Bennett:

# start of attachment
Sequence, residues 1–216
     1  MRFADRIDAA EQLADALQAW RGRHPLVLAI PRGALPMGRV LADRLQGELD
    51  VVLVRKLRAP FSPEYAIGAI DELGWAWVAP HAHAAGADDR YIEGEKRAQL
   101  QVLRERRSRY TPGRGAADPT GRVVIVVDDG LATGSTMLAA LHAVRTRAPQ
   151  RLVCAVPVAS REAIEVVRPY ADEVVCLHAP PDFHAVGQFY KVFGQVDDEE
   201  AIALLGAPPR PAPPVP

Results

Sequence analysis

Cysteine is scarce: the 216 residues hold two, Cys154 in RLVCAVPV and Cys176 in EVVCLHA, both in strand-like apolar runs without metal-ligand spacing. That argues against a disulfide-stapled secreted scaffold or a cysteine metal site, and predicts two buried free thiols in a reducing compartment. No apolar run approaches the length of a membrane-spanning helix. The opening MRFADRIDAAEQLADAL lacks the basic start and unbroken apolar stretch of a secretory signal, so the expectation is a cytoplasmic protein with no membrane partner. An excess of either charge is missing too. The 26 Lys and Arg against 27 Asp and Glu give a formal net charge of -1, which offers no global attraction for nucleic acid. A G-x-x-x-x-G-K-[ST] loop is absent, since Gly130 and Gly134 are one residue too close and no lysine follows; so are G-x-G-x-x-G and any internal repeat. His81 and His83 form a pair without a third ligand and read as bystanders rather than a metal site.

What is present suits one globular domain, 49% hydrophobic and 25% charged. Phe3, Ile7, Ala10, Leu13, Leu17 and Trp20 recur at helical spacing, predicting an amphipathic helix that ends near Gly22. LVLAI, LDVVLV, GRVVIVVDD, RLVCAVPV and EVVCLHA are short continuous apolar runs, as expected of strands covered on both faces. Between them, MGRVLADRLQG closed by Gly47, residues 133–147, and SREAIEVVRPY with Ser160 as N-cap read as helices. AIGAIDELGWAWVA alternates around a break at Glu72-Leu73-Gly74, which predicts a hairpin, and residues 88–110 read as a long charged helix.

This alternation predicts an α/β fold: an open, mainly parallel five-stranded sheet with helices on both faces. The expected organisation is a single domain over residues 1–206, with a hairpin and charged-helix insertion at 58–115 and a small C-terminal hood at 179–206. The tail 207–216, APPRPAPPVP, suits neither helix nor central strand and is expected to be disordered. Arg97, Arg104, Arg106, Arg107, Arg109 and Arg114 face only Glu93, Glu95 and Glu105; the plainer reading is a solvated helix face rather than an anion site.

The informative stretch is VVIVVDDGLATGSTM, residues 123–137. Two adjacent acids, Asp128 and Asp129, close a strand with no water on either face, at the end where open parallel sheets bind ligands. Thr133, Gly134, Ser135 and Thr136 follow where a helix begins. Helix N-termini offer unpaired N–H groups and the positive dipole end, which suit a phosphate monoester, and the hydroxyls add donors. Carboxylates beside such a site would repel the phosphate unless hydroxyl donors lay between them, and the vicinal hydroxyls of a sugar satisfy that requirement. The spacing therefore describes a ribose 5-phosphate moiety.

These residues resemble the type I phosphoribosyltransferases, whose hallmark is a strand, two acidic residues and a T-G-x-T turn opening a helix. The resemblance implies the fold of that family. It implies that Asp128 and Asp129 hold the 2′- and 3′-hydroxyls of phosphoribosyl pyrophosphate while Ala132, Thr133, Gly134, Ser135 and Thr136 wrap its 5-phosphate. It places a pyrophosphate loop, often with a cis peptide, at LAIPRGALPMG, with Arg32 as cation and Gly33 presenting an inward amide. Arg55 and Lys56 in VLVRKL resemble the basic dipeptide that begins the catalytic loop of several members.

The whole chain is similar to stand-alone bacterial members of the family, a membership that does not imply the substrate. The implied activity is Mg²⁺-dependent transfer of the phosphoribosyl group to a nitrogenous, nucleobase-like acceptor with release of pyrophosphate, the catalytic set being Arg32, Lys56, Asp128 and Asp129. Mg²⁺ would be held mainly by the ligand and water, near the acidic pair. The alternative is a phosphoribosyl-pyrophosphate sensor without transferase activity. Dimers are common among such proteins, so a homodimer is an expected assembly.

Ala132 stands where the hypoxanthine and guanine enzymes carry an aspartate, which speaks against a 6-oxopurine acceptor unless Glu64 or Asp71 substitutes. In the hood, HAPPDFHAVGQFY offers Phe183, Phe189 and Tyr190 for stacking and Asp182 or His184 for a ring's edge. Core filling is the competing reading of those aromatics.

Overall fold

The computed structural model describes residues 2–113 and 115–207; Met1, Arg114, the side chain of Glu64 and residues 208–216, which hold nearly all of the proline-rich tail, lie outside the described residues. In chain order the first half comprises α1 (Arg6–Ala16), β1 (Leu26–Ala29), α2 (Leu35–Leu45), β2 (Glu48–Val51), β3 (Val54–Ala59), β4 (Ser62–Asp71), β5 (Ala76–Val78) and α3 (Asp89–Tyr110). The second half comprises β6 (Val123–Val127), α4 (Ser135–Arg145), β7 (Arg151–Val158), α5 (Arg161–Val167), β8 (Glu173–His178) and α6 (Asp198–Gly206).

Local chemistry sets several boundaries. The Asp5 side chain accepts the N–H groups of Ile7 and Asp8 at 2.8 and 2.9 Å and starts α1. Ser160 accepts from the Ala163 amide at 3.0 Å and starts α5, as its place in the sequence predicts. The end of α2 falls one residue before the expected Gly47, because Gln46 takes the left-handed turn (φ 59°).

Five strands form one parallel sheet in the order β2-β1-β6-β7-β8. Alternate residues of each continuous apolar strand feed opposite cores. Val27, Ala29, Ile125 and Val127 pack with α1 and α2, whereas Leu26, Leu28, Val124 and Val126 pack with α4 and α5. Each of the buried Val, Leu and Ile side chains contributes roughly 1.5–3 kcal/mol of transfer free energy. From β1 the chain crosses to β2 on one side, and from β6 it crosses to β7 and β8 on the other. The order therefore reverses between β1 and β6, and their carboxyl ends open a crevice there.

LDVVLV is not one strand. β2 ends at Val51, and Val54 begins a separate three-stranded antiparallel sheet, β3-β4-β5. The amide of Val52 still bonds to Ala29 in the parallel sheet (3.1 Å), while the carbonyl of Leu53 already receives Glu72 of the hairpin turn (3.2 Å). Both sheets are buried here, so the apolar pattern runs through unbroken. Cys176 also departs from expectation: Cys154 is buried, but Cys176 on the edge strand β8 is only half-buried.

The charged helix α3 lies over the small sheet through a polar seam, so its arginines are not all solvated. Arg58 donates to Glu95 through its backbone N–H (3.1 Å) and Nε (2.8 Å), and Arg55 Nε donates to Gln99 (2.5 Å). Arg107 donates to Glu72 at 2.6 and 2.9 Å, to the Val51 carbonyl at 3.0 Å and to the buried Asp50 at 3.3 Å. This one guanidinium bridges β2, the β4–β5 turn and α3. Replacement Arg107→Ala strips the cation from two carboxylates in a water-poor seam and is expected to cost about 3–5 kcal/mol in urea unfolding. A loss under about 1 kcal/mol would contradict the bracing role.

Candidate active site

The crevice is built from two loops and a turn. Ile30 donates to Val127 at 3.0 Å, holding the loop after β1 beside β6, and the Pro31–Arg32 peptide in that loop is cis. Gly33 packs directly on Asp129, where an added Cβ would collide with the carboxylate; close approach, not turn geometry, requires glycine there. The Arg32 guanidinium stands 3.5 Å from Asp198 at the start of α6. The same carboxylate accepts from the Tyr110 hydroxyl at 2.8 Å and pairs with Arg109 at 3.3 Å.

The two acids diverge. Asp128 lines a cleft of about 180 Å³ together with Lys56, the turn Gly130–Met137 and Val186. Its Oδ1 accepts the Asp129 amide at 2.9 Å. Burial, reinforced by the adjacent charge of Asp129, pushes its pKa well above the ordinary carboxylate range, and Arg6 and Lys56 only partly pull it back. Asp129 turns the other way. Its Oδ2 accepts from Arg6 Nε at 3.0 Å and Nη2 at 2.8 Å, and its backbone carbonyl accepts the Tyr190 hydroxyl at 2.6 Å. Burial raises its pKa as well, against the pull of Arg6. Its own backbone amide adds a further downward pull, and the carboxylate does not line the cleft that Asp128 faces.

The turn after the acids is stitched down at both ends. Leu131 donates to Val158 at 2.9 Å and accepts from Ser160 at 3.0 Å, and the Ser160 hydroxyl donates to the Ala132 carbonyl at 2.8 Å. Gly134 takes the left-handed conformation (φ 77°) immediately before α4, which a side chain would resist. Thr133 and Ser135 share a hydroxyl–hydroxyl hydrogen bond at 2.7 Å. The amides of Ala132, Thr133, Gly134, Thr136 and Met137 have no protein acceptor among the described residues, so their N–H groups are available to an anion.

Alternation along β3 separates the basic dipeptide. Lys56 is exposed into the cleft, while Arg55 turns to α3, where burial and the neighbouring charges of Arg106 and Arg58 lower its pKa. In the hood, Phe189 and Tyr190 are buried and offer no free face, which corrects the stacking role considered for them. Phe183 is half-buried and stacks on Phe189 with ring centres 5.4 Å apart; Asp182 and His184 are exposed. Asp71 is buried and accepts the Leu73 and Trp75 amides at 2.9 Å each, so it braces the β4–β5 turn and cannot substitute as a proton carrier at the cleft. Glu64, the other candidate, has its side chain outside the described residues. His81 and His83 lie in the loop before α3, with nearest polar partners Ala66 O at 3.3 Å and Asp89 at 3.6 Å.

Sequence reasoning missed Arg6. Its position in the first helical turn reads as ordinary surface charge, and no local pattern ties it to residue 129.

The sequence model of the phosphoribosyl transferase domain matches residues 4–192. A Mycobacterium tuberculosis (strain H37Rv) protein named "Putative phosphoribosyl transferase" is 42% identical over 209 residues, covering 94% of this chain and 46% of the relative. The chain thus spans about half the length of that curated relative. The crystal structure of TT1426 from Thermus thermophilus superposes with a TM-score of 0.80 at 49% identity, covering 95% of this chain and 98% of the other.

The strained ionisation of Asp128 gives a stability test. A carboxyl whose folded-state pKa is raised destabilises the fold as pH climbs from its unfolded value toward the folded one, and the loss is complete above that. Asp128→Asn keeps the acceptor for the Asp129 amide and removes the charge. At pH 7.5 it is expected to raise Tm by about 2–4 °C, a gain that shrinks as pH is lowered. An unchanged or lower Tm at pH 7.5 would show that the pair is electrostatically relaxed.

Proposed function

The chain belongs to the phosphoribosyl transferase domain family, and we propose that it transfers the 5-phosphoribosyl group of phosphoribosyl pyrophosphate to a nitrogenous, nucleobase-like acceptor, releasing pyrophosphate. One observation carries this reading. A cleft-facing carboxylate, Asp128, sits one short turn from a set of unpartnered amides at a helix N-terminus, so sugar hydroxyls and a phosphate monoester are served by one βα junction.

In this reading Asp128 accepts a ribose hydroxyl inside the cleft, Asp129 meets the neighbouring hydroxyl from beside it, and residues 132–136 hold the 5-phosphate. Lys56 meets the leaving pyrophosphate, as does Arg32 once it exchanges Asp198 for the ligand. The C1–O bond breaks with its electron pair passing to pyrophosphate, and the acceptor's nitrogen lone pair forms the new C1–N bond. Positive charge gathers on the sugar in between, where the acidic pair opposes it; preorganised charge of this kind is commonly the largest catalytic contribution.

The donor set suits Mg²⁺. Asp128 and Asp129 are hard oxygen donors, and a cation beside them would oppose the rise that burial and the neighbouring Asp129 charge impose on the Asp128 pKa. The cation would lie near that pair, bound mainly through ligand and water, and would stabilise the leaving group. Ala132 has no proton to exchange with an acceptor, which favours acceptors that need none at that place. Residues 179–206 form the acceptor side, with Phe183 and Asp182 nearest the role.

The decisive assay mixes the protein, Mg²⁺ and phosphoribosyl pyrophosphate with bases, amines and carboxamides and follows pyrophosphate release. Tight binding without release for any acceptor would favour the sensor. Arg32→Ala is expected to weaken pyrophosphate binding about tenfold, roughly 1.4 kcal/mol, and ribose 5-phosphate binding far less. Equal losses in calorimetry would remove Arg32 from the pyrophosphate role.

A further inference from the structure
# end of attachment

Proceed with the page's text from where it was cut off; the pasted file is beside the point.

It was absolutely independent and totally unaware of anything Bridges was doing. I got the argon ion laser to oscillate, and we quickly identified the lines, and narrowed them down to something like half a dozen or so that ran, and we were getting close to a kilowatt pulse power coming out in little short pulses. I had an idea of how these were being excited, which I think is actually how they were being excited, that you could explain it all on the basis of the sudden approximation of quantum mechanics, that you imagine pulling an electron out of the ground state configuration of argon and doing it fast enough so that the remaining electrons don't have a chance to adjust to a normal Eigen state, and then say, where you expand what's left, what you'd likely get is a peak configuration of ground state, you're likely to get excited peak configurations, and one of the most important ones is the upper state of the argon ion. And that seemed to make a great deal of sense, and we got it oscillating and made these measurements, and wrote up — we were essentially working day and night. We figured it was going to be a hot topic. And we were just working around the clock for several days, and we wrote the paper up, and I sent it by special delivery to APPLIED PHYSICS LETTERS in Oak Ridge. Apparently that was a drastic mistake, because they had no way of dealing with special delivery packages that arrived down there, and the thing got lost in the local mail in Oak Ridge, and was sort of floating around for quite a while, and in the meantime, I gave a colloquium at RCA in Princeton laboratories, and I was used to talking clearly, not being cagy about things, so I discussed our results with argon, and after that colloquium, Hank Gerritsen or somebody came up and said, "Have you seen this? It just came in the mail." It was an issue of APPLIED PHYSICS LETTERS with Bill Bridges' article on the same topic. So at that point, I then got in touch with the editor, and by then he had found my Letter. He said he didn't know what to do with it, because Bridges had already published the initial disclosure. He said, "We'll give you the same date of receipt on it, and put in some kind of a footnote too, but on the other hand, you ought to acknowledge Bridges' work since it's just been published." So I then rewrote the article. By then we'd gotten a lot more data. We'd gotten quasi-CW oscillation on one of the lines, with powers on the order of 10 watts or so, and we rewrote it emphasizing the quasi-CW part of it, and various other aspects of it, and then it got published, but it was after Bridges' paper came out. I also mentioned the results in the Washington meeting of APS that spring. Originally I had planned to give a different talk there on cascade laser transitions in neon, and I discovered that several different people had done the work that we had published in our abstract on cascade laser transitions of neon, and I then decided, well, I made a brief acknowledgement of that, in fact showed a slide of the different references of work that we were about to discuss, so instead of that, what I'll do is talk about our recent work with argon ion lasers, after which Gene Gordon got up and said, made some typical caustic remark, that said, "Well, we've been getting CW oscillation in argon too" and so forth. But anyway, we did not know what was going on at Hughes at all, and certainly not Convair.